London Natural History Society The place for wildlife in London

London Natural History Society - The place for wildlife in London

Flies are not generally liked. Flies don’t bring out the public to help with garden wildlife surveys. Flies are to just be killed when they enter our homes. All of these statements are true and utterly unfair. Flies are some of the most amazing creatures on our planet and hopefully 2019 and the Year of the Fly will persuade many folks that this is indeed the case.

I have had the privilege to work the Natural History Museum in London for over 10 years, dedicating this time to these wee beasties and all who work with them. I have travelled round the world collecting them, and I have the world’s collection to learn from at my fingertips. I will get side-tracked regularly by not only the specimens but by the visitors to the collection who tell me stories of the flies – their behaviour, their morphology and their impact.

But you don’t need to go far to be amazed by flies. The British species list has over 7000 species on it – to put that into context there are only 6100 mammals globally – and our British Collection reflects this diversity. And London does not fare badly when it comes to seeing some gems.

My garden in South London last year caused me to be late to work many, many times thanks to one little beauty – the Dark-edged Bee Fly Bombylius major (Fig.1). The fluffy flying narwhal of the air.

Bee Fly Bombylius major

Figure 1. Dark-edged Bee Fly Bombylius major , feasting on nectar and pollinating as it goes. (Image courtesy of Steve Falks flickr site)

This wonderful creature is one of the most attractive species of animal in the UK, and it has an equally interesting life history to match those looks. And it is found across the UK (figure 2), thankfully my garden included!

the UK distribution of Bombylius major

Figure 2 the UK distribution of Bombylius major (from the Soldierflies and Allies Recording Scheme)

As some of the earliest flies to emerge as adults in the spring, they announce the arrival of warmer times to the world with their ‘twerking’ (if you do not know this word, be prepared for some rather raunchy behaviour when searching for its definition) and their egg hurling. Yes, not the greatest advocate of parental care, the females collect sand/dust from the ground and store this in an abdominal pouch for when she needs to coat her eggs in it. These eggs now have a cover to help prevent desiccation for when she throws them into the burrows of solitary bees, and the eggs also gain camouflage and a little extra weight from this coating. Once hatched the larvae undergoes two different morphological phases; the first is the ‘toddler’ stage where a highly active larva crawls deep into the burrows and then, if necessary, it waits till the bee larvae are almost full size. At this point it enters the ‘teenage’ phase, where it just lies there feeding from the bee larvae. Yes, I admit that this is not beneficial for the bee but these species have evolved alongside each other with no evidence of bee flies being overly detrimental to bee populations. And don’t worry about the loss of pollinators by a lack of bees. The adults of the genus Bombylius, with their long mouthparts, are good little pollinators, favouring some of the longer tubed flowers such as Borages, although more research needs is needed especially in the UK and Europe. I have patches of exposed soil, with many forget-me-knots as well as a rough and tumbled lawn that is mined by the bees. All of this led last year to an explosion of the gorgeous bee-flies. I was most excited to see 10 one morning (Fig 3). I was also very late to work that day.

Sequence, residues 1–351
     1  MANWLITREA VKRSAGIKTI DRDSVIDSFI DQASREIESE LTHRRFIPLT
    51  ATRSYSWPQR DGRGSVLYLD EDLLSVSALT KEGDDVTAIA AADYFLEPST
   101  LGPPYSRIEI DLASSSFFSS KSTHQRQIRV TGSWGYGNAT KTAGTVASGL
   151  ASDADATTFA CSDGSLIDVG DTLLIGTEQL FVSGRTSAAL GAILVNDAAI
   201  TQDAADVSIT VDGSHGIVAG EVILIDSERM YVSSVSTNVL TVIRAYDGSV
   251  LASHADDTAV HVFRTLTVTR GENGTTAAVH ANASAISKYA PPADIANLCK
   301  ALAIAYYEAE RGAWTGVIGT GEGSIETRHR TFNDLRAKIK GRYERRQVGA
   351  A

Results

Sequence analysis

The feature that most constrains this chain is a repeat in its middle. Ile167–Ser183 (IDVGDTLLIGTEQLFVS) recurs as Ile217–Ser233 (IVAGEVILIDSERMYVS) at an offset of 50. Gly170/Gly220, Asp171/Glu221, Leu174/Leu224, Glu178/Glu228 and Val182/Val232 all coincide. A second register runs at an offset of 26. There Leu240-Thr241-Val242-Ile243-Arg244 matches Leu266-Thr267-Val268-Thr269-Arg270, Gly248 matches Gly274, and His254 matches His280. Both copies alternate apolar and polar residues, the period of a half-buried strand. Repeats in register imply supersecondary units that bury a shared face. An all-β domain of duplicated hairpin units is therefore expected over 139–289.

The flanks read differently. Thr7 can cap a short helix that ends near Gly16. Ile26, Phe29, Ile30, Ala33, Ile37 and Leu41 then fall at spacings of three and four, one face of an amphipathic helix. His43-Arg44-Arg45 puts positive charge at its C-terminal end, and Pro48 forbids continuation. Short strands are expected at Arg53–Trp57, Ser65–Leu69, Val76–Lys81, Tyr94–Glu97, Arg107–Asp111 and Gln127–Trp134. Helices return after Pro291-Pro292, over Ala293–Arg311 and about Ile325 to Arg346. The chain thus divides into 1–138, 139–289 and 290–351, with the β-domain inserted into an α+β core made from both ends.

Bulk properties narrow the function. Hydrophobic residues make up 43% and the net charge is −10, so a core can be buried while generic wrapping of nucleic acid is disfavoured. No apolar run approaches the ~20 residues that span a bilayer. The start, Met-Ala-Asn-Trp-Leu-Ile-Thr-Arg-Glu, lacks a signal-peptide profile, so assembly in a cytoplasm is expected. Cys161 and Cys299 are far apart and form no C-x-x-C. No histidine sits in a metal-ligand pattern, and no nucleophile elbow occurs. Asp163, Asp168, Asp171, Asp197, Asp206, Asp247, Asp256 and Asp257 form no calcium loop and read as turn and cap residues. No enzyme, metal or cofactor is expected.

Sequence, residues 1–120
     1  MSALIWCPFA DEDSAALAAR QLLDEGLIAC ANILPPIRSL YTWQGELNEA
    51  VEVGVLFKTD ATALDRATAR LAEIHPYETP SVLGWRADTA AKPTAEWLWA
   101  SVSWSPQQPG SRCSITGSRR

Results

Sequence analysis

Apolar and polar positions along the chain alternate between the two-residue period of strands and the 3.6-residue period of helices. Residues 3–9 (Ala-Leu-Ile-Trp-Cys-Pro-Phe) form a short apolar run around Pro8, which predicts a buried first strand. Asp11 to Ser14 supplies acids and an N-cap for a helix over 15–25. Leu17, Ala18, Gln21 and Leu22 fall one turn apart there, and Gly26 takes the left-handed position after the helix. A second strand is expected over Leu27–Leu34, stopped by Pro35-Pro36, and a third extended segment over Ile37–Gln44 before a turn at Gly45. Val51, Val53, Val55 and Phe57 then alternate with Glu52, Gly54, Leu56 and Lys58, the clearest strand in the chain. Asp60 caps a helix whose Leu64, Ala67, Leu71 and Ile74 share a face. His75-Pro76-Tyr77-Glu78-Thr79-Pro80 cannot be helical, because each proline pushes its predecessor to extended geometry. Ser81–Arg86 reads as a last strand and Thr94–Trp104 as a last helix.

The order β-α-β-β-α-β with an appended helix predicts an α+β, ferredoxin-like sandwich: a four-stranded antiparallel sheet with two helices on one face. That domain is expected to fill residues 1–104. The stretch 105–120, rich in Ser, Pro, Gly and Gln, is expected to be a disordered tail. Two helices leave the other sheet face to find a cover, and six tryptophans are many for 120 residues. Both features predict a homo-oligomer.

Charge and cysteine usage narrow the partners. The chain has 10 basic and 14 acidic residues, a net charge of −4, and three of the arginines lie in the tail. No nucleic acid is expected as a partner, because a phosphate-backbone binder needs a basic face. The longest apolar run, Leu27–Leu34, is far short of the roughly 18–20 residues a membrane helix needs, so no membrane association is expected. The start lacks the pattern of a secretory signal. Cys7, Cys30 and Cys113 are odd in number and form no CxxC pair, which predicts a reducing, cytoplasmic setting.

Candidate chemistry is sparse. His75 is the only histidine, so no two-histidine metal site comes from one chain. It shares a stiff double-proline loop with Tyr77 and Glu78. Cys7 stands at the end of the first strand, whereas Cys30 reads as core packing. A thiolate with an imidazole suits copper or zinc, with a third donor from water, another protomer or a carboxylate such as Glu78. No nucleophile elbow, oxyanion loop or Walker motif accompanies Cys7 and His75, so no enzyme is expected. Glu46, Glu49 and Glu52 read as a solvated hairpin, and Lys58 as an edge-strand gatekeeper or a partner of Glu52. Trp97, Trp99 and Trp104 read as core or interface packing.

bee flies and friend

Figure 3 One of the many bee flies (and friend) found in my garden last year.

So this year we want to carry on from the last years efforts by the Soldierflies and Allies recording scheme and ask for all to get involved with the #BeeflyWatch recording event, to help us to update our understanding of these insects’ emergence times and distribution. The Dipterists Forum and Buglife will be highlighting these fabulous creatures and encouraging all to add records (with links provided for how to do this). From both my garden and that of The Natural History Museum’s wildlife garden I too will be recording my observations, and encouraging everyone else to get involved. Knowing me I may tweet one or two of these flies but I know that I won’t be alone so please do follow the #BeeflyWatch hash tag.

This will be one of the many activities focusing on flies that have been planned for the Year of the Fly. Check out the Dipterists Forum website for events in London and further afield including museum collections visits, talks, tours and activities for all of the family.


Dr Erica McAlister is a curator of Diptera at the Natural History Museum and has recently published a book, The Secret Life of Flies. Thank you, Erica for this inspiration to go out and undertake some fascinating citizen science!